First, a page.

It is also argued that, the fact that some practices being relative to a society does not make all the other practices relative. Practices such as norms regarding decency and dressing may be localized to a given area since they are dictated by people’s thoughts and belief. Conversely, other practices such as political repression, torture, and slavery may be judged wrong universally despite the different beliefs that exist among the many diverse cultures. Other philosophers claim that the wrongness or rightness of an action or practice is governed by the norm and customs of society.
That implies that the members of that society are prisoners to the custom. They continue to say that this kind of a scenario enhances social conformity whereas it eliminates moral opinions and social consensus. For example, in society, people differ ideologically on what is wrong or right a good example is the lack of social consensus on the topic of abortion. Most importantly, from what seems to be the strongest critic of ethical relativism is that universal moral standards exist regardless of the difference in the beliefs and moral practices among cultures.
People can still acknowledge the presence, the different beliefs, culture, and their influence and again acknowledge that practices are morally wrong. The philosopher Luis Pojman addresses the question of wrongness and rightness in three categories positive morality, moral philosophy and moral ethics. He assumes that positive morality is a great and actual constraint to behavior whereas, ethics is combined domain of moral philosophy and positive morality. He explains the moral philosophy as the systematic theoretical reflection on the set of principles that dictates what is right or wrong.
Pojman illustrates his point by relating his notion of law and governance. He claims that for any prior understanding regarding authority there will be an agreement over the same if the people that authority depending on their reasons. This means people are not always ready to follow precepts or norms since there are rules but because of the compelling reasons, they articulate to the same. He criticizes ethical relativism by saying that the belief that law and morality are connected is necessarily wrong since the two cannot be identical.
He gives an example of modern day laws of driving in Canada and argues that practices that are enforced by the law are matters of indifference. morally hence coordination problem as a result of the law requirement does not favor etiquette. Luis in most of his argument he refers to the norms and customs of the society as law since on the viewpoint of ethical relativism the customs dictates people morals. He asserts that some practices inscribed in the law are literally immoral and he gave an example of the slavery and forced sterilization of the disabled.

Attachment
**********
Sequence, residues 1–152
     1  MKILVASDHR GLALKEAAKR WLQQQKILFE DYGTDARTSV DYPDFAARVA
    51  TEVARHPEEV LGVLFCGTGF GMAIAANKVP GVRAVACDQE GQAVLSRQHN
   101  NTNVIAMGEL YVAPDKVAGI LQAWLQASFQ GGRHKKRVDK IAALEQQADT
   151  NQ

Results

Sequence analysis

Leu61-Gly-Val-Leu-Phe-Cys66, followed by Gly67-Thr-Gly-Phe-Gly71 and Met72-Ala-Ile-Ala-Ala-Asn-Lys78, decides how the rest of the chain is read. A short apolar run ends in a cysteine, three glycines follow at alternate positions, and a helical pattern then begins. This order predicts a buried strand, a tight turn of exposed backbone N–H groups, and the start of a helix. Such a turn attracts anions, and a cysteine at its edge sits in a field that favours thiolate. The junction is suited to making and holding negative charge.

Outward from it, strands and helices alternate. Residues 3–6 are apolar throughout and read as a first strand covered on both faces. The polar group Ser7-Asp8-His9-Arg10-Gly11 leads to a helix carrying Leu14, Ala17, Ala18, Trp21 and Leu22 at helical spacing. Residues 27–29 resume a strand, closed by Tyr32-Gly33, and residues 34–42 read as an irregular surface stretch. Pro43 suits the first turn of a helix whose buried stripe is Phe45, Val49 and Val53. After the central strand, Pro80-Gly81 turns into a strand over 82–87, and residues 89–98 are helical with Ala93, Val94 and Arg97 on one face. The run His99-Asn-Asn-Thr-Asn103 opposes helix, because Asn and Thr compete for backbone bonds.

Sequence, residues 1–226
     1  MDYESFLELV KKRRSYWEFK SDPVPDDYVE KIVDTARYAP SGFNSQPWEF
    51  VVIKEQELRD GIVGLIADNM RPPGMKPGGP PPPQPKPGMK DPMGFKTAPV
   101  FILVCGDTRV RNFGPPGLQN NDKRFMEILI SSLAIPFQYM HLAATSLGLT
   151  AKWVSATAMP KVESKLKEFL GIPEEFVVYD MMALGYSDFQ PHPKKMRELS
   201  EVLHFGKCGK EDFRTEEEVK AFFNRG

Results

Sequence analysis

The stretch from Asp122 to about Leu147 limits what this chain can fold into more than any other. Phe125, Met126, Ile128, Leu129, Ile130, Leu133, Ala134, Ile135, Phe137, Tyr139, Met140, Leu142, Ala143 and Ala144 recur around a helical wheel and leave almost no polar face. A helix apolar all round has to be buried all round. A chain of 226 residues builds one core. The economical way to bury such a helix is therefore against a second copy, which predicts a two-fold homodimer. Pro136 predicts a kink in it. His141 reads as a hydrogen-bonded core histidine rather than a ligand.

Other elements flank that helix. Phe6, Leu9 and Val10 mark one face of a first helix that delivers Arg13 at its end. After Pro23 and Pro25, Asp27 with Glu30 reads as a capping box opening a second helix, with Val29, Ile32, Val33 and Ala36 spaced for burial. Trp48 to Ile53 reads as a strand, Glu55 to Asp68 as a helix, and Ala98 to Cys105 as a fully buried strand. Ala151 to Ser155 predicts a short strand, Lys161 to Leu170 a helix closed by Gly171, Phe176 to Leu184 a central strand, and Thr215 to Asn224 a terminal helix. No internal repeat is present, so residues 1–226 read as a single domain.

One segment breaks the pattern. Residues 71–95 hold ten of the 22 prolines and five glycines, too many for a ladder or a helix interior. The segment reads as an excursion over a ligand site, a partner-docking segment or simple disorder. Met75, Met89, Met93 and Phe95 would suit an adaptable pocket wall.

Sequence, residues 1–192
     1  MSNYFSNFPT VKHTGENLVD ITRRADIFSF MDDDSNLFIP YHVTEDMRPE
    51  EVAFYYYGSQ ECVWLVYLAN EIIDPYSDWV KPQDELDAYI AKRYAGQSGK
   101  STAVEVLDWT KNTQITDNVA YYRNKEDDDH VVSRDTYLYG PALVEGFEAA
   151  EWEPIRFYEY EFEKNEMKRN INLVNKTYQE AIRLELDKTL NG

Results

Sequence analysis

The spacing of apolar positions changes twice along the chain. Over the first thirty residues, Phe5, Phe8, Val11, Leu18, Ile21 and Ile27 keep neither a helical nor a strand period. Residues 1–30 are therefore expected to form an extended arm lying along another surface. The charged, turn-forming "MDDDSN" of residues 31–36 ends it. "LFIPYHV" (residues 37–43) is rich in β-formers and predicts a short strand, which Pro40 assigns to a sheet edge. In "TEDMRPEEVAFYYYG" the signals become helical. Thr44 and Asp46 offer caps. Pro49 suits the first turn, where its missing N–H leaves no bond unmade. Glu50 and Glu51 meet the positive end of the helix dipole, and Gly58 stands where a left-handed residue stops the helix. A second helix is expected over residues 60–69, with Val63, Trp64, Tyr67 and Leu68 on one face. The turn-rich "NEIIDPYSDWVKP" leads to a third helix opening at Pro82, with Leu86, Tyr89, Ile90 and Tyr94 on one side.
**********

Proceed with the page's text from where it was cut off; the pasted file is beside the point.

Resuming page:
He also ascertains that the norms and customs that govern people may have conflicting moral and legal duties. In this case, the subjects of a particular cultural group may defy the norm based on social consensus or difference in moral opinions. Personally, my take on this discussion would be very negative towards ethical relativism stating that morality is determined the by the people norms and culture. It is true that people across the globe have cultural differences as specified by the many anthropologists.
These difference make societies have different perspectives and views on issues. It may also be true that due to this difference such as differences in language, dressing and decency, music and dances, foods and customs and even in beliefs. However, due to the equality of human beings regardless of race or language or tribe, we share many things. Some of these things are natural and they include emotions, feelings, thinking, and experiences. These unifying factors make us feel and think the same way and force us to have similar or agreeing viewpoints in some matters.
People may resort to different ways to carry out certain things due to different ideology and reasoning but the motive behind the action is the same. This is referred to as basic moral principal. Somethings might be considered wrong with a particular ethnic group, but that does not hinder the same thing to be considered wrong universally. This is the strongest critic of the philosophy of ethical relativism. In conclusion, different cultures have different ways of doing things based on their cultural customs and beliefs.
The morality of a practice is dictated by what a particular ethnic group thinks is wrong or right. Any action or practice is only considered true if it is within the confines of the community’s customs and norms. This is what the theory of ethical relativism states. The theory has faced a lot of critics from different philosophers such as Luis Pojman saying that the fact that a practice or an action is considered wrong by an individual ethnic does not hinder the same practice to be declared wrong universally since basic principle applies to all people.